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Belton New Tech students take to the skies with commercial drone pilot licenses

Joshua Ely and Drew Leinhart passed the Federal Aviation Administration Part 107 exam, the first in the school's program to earn the license.
Credit: Belton New Tech High @Waskow
Two Belton New Tech High @Waskow students, Joshua Ely and Drew Leinhart pose with a drone in front of the school's dragon logo.

BELTON, Texas — Two students at Belton New Tech @Waskow High School may be taking to the skies soon, having earned their official commercial drone pilot licenses.

17-year-olds Joshua Ely and Drew Leinhart recently passed the Federal Aviation Administration Part 107 exam, becoming the first students out of the 48 currently in the drone program to earn the license.

New Tech began offering the program in Fall of 2022.

“We are so proud of Joshua and Drew and their teacher, Matthew Mastrilli,” Stephanie Ferguson, director of career readiness, said. “They’ve put in the hard work to learn the necessary skills and the time to practice the craft. We hope this industry certification helps launch Joshua and Drew into their future careers.”

Teacher Matthew Mastrilli said the federal test covers everything from airspace classification to weather to airport operations to maintenance and much more.

“A lot of the content exposes students to knowledge a pilot needs in order to share the skies with larger crafts,” he said. 

Ely and Leinhart logged many hours of flight and cataloged the footage they shot while flying the drones as part of the program.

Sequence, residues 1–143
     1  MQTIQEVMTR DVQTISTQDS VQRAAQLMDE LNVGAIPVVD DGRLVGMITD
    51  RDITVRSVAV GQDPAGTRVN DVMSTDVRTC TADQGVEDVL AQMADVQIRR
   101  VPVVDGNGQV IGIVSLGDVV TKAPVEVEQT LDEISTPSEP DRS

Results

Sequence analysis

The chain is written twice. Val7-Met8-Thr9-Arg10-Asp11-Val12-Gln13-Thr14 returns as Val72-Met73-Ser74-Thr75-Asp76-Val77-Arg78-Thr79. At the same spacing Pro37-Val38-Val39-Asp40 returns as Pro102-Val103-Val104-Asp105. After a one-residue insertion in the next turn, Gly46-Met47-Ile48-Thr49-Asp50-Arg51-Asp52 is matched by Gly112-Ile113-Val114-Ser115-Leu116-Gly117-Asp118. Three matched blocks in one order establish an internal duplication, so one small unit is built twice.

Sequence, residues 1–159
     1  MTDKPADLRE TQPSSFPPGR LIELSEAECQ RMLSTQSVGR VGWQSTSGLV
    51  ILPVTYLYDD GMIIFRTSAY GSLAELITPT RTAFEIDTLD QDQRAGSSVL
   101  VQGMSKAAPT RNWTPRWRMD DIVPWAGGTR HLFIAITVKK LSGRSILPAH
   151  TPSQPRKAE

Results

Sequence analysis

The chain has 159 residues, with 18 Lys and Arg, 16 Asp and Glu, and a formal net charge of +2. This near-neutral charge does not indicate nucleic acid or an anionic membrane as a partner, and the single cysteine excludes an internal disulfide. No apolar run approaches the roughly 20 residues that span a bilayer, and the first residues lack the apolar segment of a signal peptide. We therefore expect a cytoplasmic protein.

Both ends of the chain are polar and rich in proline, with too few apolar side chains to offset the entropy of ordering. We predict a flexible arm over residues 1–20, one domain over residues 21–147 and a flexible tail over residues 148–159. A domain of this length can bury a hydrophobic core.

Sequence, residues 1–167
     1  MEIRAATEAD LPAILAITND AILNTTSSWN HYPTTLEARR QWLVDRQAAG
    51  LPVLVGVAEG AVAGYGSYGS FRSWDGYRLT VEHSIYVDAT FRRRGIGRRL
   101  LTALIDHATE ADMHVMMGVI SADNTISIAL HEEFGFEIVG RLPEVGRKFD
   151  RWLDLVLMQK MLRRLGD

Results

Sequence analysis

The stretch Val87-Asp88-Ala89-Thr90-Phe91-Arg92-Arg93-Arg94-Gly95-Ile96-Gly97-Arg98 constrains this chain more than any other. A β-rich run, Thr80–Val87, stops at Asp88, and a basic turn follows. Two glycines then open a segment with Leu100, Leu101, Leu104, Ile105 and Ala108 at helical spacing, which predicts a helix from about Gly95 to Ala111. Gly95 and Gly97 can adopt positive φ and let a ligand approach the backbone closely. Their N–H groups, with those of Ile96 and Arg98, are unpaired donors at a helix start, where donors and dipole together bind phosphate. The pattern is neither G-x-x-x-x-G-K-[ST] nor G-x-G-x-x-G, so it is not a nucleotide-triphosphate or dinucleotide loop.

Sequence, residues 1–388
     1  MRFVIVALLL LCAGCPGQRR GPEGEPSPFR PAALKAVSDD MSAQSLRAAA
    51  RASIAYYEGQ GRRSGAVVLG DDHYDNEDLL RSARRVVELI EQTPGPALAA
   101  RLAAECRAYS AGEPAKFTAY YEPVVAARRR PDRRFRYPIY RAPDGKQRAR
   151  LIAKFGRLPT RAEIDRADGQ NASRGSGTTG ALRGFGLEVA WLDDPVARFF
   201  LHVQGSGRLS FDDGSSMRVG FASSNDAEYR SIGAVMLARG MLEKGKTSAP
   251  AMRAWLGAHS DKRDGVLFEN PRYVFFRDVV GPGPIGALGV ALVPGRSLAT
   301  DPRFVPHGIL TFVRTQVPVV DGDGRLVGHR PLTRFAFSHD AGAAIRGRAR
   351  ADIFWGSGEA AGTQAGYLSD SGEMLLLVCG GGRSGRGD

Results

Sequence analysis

“These flights could range from cinematography to inspection and allow students to build portfolios to show specific work examples,” Mastrilli said. “There are so many opportunities for students to start working in the drone industry. The industry doesn’t care how old they are as long as they are certified. This class gives students real opportunities to start exploring this career field before they leave New Tech.”

Ely said he hopes to put his license to use right away and start doing local freelance work.

“I am passionate about video production, and I knew this was an opportunity that not a lot of other schools offer yet,” Ely said. “I like being able to create video and seeing what the world looks like from a bird’s eye view.”

Mastrilli said the school is already beginning to make connections with local businesses and content creators to allow students to get hands-on experience filming aerial photography around the community.

The drone program is only in its first year at the school, but Mastrilli hopes that more students will join the program in the coming years as they realize how many job opportunities it can open up.

“My next goal for the students is to start partnering with state entities so we can assist in gathering visuals with the drones to gain infrastructure funding from federal infrastructure programs,” he said. “No joke — the sky is truly the limit.”

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